Chest X-rays unsuitable for silicosis screening
WA has switched to using low dose high resolution CT imaging for screening workers in the engineered stone industry after a study showed that chest X-rays were missing many cases of silicosis.
When 90 workers took up an offer of fully-funded low dose chest CT scans from WorkSafe WA eight had changes consistent with silicosis on their scans, but only one of had an abnormal chest radiograph.
Similarly, 41 workers had CT findings consistent with early lung changes related to silicosis but only three had such findings with chest X-rays.
Presenting the findings at the RACP 2022 meeting, Dr Yijun Yap said the study results showing that only one in eight patients diagnosed with silicosis had abnormalities on chest X-ray prompted legislation change in WA to replace the modality with low dose CT scans as the radiological screening test for occupational exposure to silica.
This included changes such as ground glass infiltrate, isolated lung nodules, some airway abnormalities – basically a picture or airways bronchiolitis which is typically found in smokers but within this cohort was also found in non-smokers. This cohort will therefore require ongoing follow up in the for of serial imaging and possibly respiratory physician input,” she said.
SABA-ICS combination should replace salbutamol as rescue medication
A fixed-dose combination of 180 μg of salbutamol and 160 μg of budesonide is more effective in controlling severe asthma exacerbations than as-needed salbutamol alone.
A phase 3 RCT of over 3,000 patients randomised adolescents from 12 years of age and adults to either the 180/160 ug combination, a combination with a lower budesonide dose (180/80 ug) or 180 μg of salbutamol alone.
The study, published in the NEJM and presented at ATS 2022, found severe asthma exacerbations were significantly lower, by 26%, in the higher-dose combination group than in the salbutamol-alone group (HR 0.74; 95% confidence interval [CI], 0.62 to 0.89; P=0.001).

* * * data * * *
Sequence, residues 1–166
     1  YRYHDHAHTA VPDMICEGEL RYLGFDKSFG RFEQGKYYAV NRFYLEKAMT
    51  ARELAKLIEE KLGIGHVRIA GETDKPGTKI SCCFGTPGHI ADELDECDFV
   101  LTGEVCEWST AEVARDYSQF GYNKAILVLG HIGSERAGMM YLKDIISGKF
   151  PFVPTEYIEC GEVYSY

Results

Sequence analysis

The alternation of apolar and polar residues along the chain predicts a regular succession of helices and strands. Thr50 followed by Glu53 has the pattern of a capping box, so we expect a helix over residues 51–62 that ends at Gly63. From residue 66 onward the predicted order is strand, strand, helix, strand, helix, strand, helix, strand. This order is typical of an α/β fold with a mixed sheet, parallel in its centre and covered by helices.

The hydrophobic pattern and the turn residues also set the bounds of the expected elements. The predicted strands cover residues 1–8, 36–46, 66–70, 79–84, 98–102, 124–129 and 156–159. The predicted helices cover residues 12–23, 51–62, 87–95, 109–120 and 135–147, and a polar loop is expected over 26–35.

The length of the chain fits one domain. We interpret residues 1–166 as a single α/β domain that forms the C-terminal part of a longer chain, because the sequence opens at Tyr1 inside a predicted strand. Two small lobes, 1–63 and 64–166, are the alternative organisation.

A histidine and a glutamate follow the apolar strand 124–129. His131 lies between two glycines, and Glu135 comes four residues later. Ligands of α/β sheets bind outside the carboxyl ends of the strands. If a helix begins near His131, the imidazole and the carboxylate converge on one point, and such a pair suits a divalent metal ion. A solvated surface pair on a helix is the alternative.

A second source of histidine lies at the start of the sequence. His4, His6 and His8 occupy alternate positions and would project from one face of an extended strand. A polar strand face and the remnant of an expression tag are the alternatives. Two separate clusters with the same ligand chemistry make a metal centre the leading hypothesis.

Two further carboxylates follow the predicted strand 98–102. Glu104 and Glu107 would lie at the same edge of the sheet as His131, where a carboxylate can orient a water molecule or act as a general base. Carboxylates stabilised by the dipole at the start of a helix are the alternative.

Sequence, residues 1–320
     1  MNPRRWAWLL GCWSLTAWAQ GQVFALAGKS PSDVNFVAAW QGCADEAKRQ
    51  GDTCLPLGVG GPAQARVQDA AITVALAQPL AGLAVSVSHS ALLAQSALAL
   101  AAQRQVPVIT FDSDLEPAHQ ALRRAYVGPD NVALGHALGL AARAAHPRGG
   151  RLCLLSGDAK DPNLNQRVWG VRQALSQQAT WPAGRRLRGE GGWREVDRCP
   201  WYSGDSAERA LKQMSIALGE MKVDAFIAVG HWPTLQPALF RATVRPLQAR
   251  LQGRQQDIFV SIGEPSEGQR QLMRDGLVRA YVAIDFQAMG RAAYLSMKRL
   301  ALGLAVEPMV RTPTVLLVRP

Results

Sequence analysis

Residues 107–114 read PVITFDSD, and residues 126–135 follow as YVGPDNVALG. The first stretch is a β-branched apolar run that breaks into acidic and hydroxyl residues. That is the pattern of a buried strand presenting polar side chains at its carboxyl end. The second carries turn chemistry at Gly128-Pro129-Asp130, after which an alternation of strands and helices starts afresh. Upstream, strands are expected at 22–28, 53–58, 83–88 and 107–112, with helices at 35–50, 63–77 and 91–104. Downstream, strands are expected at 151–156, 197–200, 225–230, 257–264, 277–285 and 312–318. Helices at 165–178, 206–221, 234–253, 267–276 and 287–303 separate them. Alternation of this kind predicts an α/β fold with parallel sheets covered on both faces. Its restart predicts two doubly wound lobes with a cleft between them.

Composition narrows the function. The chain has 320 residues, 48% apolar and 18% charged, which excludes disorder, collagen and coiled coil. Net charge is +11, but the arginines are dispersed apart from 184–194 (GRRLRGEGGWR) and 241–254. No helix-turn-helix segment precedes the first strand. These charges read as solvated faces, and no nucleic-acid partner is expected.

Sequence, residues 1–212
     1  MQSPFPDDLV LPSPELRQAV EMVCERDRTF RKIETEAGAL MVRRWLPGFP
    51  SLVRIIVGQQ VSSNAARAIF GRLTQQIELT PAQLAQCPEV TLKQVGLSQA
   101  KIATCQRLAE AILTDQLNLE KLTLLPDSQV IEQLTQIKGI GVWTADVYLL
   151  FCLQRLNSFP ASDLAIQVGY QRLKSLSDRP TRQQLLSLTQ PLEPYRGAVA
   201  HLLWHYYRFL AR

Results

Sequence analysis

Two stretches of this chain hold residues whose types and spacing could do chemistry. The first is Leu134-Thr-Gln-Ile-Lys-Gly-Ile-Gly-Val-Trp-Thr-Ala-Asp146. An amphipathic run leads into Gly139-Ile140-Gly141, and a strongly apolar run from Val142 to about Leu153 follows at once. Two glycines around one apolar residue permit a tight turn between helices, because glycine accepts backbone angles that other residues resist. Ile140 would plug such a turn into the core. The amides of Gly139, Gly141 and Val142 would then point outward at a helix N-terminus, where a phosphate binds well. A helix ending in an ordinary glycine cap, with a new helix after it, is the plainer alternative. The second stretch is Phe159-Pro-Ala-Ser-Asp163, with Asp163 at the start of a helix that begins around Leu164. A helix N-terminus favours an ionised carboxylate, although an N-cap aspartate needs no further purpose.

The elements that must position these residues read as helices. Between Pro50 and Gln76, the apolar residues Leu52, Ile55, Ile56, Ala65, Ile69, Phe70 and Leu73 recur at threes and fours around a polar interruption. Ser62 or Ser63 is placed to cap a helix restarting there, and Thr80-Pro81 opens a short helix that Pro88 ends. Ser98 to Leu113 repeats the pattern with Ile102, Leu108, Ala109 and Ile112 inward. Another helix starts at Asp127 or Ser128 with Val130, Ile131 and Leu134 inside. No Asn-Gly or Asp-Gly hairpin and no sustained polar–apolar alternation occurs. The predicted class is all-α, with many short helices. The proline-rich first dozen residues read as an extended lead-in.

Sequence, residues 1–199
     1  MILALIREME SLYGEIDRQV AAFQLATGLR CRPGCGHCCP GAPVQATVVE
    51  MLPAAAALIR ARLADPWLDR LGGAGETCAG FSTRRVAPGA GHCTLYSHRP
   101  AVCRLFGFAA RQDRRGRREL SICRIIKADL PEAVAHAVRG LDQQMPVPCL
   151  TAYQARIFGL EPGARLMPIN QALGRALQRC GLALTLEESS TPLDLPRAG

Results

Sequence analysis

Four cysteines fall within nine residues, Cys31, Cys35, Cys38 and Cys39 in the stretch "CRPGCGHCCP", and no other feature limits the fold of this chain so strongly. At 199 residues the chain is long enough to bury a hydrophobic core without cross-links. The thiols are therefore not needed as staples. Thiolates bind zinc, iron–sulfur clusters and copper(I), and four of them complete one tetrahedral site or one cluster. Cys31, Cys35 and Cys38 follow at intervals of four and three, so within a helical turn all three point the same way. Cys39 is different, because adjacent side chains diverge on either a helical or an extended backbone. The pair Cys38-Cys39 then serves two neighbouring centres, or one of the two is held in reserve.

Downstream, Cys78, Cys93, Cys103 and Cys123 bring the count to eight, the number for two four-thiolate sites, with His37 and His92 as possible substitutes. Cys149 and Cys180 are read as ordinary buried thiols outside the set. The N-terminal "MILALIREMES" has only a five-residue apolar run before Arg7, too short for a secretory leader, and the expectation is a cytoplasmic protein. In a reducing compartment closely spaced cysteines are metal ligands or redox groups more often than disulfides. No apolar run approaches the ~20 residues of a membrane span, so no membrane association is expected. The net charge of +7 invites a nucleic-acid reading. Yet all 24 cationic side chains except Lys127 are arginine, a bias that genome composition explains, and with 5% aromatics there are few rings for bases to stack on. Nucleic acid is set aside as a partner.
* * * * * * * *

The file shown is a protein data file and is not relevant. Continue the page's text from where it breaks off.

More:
“The hazard ratio in the lower-dose combination group, as compared with the [salbutamol]-alone group, was 0.84 (95% CI, 0.71 to 1.00; P=0.052),” the study said.
“Given the risks and limitations of SABA alone as rescue therapy, national and international recommendations call for an inhaled glucocorticoid-containing rescue medication as the preferred as-needed treatment; the data from this trial support that approach.”
“Given its acceptable safety profile, the greater efficacy of the fixed-dose combination than of [salbutamol] alone, as well as the absence of a need to change underlying maintenance therapy, indicates that this fixed-dose combination could replace SABA alone as rescue therapy in patients with moderate-to-severe asthma.”
Children 4-11 years in the study were randomised to either the lower-dose combination group or the salbutamol-alone group but the small numbers (n=83) meant no conclusions could be drawn “in this important subpopulation”.
Read more in NEJM
Medical acronyms mystify patients
As more patients are accessing their electronic medical records, many fail to comprehend basic medical abbreviations and acronyms, a study has found.
Comprehension of common abbreviations such as ‘HTN’ (hypertension) and ‘MI’ (myocardial infarction) remained below 40%, much lower than clinicians estimated, a survey conducted at three US hospitals found.
The survey of 60 patients found that most understood terms such as hrs (hours) and BP (blood pressure) but only two thirds knew what ED meant and only about one in four comprehended terms such as hx (history) and HF (heart failure).
Researchers at the Department of Biomedical Informatics, Columbia University, New York, said clinicians should not assume that patients will understand even the most basic medical abbreviations. Automated text programs that convert and spell out acronyms in notes may help overcome misunderstanding of some medical abbreviations, they suggested.
The findings are published in JAMA Network Open.